Compare any two graphics cards:
GeForce GTX 660 Ti vs Radeon HD 5850
IntroThe GeForce GTX 660 Ti uses a 28 nm design. nVidia has set the core frequency at 915 MHz. The GDDR5 memory runs at a speed of 1500 MHz on this specific model. It features 1344 SPUs as well as 112 Texture Address Units and 24 Rasterization Operator Units.
Compare all of that to the Radeon HD 5850, which comes with clock speeds of 725 MHz on the GPU, and 1000 MHz on the 1024 MB of GDDR5 RAM. It features 1440(288x5) SPUs as well as 72 Texture Address Units and 32 Rasterization Operator Units.
(No game benchmarks for this combination yet.)
Power Usage and Theoretical Benchmarks
Power Consumption (Max TDP)
Theoretically speaking, the GeForce GTX 660 Ti should be just a bit faster than the Radeon HD 5850 overall. (explain)
Texel RateThe GeForce GTX 660 Ti will be quite a bit (more or less 96%) more effective at AF than the Radeon HD 5850. (explain)
Pixel RateThe Radeon HD 5850 is just a bit (more or less 6%) more effective at AA than the GeForce GTX 660 Ti, and capable of handling higher screen resolutions more effectively. (explain)
Please note that the above 'benchmarks' are all just theoretical - the results were calculated based on the card's specifications, and real-world performance may (and probably will) vary at least a bit.
Please note that the price comparisons are based on search keywords - sometimes it might show cards with very similar names that are not exactly the same as the one chosen in the comparison. We do try to filter out the wrong results as best we can, though.
Memory Bandwidth: Memory bandwidth is the max amount of data (in units of megabytes per second) that can be transported across the external memory interface within a second. It's worked out by multiplying the bus width by the speed of its memory. If the card has DDR memory, it should be multiplied by 2 again. If it uses DDR5, multiply by 4 instead. The better the bandwidth is, the faster the card will be in general. It especially helps with AA, High Dynamic Range and higher screen resolutions.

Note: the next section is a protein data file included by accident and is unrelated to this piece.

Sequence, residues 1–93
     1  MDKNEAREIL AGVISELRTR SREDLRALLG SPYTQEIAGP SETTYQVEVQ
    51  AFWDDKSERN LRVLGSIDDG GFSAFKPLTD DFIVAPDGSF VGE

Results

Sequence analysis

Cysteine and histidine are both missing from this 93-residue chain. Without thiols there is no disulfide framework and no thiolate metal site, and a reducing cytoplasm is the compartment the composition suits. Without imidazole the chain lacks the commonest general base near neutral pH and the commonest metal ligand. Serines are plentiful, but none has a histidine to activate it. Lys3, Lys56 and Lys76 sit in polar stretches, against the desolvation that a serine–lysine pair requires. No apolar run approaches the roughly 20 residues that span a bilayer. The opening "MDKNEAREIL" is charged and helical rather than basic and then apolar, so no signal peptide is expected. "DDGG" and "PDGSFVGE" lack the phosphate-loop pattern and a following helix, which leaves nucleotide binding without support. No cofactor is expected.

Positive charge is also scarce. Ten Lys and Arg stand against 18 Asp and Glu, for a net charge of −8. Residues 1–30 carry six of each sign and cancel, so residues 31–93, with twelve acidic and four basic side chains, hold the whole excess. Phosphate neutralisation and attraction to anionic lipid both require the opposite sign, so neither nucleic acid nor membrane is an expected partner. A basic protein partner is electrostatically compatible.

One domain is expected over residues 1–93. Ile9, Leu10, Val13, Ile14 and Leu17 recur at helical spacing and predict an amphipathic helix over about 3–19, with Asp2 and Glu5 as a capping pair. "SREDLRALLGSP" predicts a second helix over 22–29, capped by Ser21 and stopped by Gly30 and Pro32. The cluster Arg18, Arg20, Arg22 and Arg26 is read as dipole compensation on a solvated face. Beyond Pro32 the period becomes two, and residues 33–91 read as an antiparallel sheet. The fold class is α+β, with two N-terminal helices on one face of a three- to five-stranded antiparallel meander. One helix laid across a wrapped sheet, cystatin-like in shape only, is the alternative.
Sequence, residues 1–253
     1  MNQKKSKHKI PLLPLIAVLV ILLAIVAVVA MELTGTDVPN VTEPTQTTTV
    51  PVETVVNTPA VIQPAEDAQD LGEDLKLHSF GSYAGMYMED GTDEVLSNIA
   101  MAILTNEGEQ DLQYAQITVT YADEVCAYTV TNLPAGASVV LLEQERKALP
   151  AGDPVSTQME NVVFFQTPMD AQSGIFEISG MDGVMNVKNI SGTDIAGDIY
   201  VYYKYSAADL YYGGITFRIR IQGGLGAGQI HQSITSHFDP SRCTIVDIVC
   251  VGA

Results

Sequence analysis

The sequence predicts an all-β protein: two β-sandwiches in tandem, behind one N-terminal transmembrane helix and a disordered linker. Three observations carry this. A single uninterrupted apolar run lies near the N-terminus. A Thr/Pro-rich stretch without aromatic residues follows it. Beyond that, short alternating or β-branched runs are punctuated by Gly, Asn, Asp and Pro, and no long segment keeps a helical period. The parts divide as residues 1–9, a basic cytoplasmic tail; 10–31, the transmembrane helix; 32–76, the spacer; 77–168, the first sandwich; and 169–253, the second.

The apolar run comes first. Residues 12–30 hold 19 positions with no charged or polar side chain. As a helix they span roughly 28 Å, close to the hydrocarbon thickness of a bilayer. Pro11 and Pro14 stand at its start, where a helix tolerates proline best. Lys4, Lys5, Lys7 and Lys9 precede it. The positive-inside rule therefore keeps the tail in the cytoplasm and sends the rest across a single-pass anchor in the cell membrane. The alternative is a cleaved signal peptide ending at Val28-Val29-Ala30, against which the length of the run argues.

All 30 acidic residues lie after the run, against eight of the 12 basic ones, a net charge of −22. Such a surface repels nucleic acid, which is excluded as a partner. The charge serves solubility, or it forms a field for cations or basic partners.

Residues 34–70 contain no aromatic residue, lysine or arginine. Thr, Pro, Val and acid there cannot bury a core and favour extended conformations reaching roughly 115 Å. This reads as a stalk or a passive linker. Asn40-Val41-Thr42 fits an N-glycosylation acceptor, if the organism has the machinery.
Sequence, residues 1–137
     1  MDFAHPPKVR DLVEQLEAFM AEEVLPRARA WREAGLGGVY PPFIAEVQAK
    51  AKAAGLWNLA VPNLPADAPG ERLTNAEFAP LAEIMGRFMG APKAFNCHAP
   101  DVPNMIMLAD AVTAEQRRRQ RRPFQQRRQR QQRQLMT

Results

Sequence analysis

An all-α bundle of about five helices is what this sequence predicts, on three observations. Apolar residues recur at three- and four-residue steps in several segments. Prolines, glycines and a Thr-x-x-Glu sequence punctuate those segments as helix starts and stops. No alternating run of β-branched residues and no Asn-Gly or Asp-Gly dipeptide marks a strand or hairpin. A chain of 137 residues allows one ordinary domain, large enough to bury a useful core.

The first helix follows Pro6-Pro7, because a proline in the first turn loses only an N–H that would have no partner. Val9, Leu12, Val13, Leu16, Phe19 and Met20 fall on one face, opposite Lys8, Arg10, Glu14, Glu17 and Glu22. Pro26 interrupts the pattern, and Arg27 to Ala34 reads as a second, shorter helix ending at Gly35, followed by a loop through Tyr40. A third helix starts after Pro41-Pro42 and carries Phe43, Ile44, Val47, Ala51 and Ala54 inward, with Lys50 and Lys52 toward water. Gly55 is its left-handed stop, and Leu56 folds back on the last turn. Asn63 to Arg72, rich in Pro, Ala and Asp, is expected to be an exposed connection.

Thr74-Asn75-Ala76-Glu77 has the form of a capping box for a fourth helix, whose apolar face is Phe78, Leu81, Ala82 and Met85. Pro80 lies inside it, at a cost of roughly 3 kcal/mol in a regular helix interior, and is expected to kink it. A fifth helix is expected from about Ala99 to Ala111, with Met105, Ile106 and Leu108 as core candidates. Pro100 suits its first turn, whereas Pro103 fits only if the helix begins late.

Texel Rate: Texel rate is the maximum number of texture map elements (texels) that are applied per second. This is calculated by multiplying the total amount of texture units of the card by the core clock speed of the chip. The better this number, the better the video card will be at texture filtering (anisotropic filtering - AF). It is measured in millions of texels in a second.
Pixel Rate: Pixel rate is the maximum amount of pixels the graphics card can possibly record to the local memory in one second - measured in millions of pixels per second. The figure is calculated by multiplying the amount of Render Output Units by the clock speed of the card. ROPs (Raster Operations Pipelines - aka Render Output Units) are responsible for drawing the pixels (image) on the screen. The actual pixel rate also depends on lots of other factors, especially the memory bandwidth of the card - the lower the memory bandwidth is, the lower the potential to reach the maximum fill rate.